Remembering Jokes

14.09.2021 |

Episode #8 of the course Humor: Science of how to be funny by David Urbansky


Have you ever heard a great joke, but only shortly after hearing it, you can’t even tell it to the next person because you’ve forgotten it? If so, you’re not alone. There is actually a good reason why we are bad at remembering jokes.

Our brains love patterns. Music follows patterns, rhythm, and rhyme. All these things make it easy for us to remember song melodies and lyrics. Jokes, on the other hand, are funny because they work the exact opposite way: they break patterns, usually because of a surprising turn or an ambiguity [1]. Furthermore, our brain is good at summarizing and remembering the gist of things, but that’s not enough if you want to accurately recall a joke where nuance, timing, and sometimes exact wording are important [2].

British comedian Ricky Gervais put it best when he said “Jokes work like a magician’s tricks. When the punch line comes you just gasp at that, and you forget where the magician put his hand before or what he did before.”

However, knowing our limitations can help us come up with strategies to better remember jokes. The basic idea is that your brain remembers images better than words or numbers. The funnier and more extreme the image, the easier it is to remember, so don’t be afraid to exaggerate and make it vivid. To know how to construct your “joke image” you can follow the three C’s: category, cast, and context. Let’s look at an example. We want to remember the following joke:

“Two guys are walking through the woods when they see a charging grizzly bear.

The first guy says, ‘Run for it!’

The second guy says, ‘You can’t outrun a grizzly!’

The first guy says, ‘I don’t have to outrun the bear, I just have to outrun YOU.’”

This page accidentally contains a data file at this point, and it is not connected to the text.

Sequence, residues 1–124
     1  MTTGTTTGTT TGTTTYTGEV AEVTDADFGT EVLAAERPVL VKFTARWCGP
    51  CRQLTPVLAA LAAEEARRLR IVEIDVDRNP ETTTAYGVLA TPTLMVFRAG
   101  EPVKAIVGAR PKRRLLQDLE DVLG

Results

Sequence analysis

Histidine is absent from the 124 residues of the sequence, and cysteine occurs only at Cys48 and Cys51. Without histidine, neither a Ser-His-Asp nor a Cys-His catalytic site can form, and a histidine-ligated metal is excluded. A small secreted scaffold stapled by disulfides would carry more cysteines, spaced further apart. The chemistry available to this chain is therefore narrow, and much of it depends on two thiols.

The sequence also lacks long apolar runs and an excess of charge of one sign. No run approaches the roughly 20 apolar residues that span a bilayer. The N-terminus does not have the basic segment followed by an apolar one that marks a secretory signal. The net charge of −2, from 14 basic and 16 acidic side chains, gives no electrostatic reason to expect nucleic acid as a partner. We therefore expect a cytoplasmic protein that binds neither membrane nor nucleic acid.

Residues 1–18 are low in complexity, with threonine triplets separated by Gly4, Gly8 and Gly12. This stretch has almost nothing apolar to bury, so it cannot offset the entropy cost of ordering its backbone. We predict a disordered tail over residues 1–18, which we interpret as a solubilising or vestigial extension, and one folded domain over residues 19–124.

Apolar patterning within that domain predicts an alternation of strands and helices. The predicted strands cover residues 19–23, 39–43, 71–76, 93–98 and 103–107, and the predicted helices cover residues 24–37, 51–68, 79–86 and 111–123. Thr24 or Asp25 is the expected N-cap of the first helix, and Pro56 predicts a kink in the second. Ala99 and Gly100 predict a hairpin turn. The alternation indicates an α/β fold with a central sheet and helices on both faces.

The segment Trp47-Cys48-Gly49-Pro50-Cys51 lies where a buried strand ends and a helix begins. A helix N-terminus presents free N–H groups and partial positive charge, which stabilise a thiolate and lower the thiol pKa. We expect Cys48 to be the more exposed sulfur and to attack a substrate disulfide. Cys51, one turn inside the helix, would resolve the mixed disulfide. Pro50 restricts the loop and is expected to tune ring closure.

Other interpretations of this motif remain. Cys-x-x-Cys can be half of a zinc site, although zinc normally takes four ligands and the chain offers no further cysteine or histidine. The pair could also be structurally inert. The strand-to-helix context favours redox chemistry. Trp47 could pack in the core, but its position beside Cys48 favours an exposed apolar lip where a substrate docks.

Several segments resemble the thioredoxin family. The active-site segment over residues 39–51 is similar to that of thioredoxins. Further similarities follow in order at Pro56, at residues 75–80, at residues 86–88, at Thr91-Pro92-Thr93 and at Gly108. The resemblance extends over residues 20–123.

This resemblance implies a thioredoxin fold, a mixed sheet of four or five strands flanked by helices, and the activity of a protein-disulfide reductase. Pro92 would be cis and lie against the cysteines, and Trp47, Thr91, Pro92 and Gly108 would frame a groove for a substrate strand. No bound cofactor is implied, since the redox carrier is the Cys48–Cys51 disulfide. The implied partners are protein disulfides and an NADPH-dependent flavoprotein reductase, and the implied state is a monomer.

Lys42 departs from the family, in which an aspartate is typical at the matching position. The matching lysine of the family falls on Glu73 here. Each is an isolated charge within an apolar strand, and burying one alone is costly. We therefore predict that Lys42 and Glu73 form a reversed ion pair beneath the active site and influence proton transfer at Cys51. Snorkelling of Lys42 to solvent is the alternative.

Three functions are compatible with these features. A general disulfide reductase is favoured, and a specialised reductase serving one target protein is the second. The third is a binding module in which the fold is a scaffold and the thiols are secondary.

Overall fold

All we need to do is create one image with the key information from the joke following the three C’s:

• Category: a dark animal joke taking place in the woods

• Cast: a bear and two guys

• Context: running or getting eaten

You might form your own image; let me describe mine: I imagine a running grizzly bear with long, sharp teeth and an open, foaming mouth. Then I imagine two guys running away from the grizzly: one is slow, looking back at the bear with panic in his eyes. The second guy is outrunning the first. He looks fit, has new sneakers, and a smirk on his face.

When you close your eyes and see this image clearly, you will have all the ingredients to recreate the cues for the joke: a bear and two guys running from it, one of whom looks like he’s about to get eaten. Your brain will do the rest and put everything in order so you can tell the joke.

Okay, one more for practice:

Q: What do you call a crocodile in a vest?

A: An investigator.

Keywords: crocodile, vest, investigator. Imagine a crocodile in a fancy vest with a magnifying glass investigating a crime scene.

Remember to make the images as detailed and outlandish as possible. If you chuckle when you think about your “joke image,” you’ve done it right.

For more techniques you can read my other Highbrow course on memorization.

You’ve learned a lot so far! Tomorrow you will be rewarded with plenty of fun facts about humor!

“No man has a good enough memory to be a successful liar.” —Abraham Lincoln


Recommended book

Unlimited Memory: How to Use Advanced Learning Strategies to Learn Faster, Remember More and Be More Productive by Kevin Horsley



[1] Robert Provine, professor of psychology at Maryland University

[2] Daniel Schacter, professor of psychology at Harvard University


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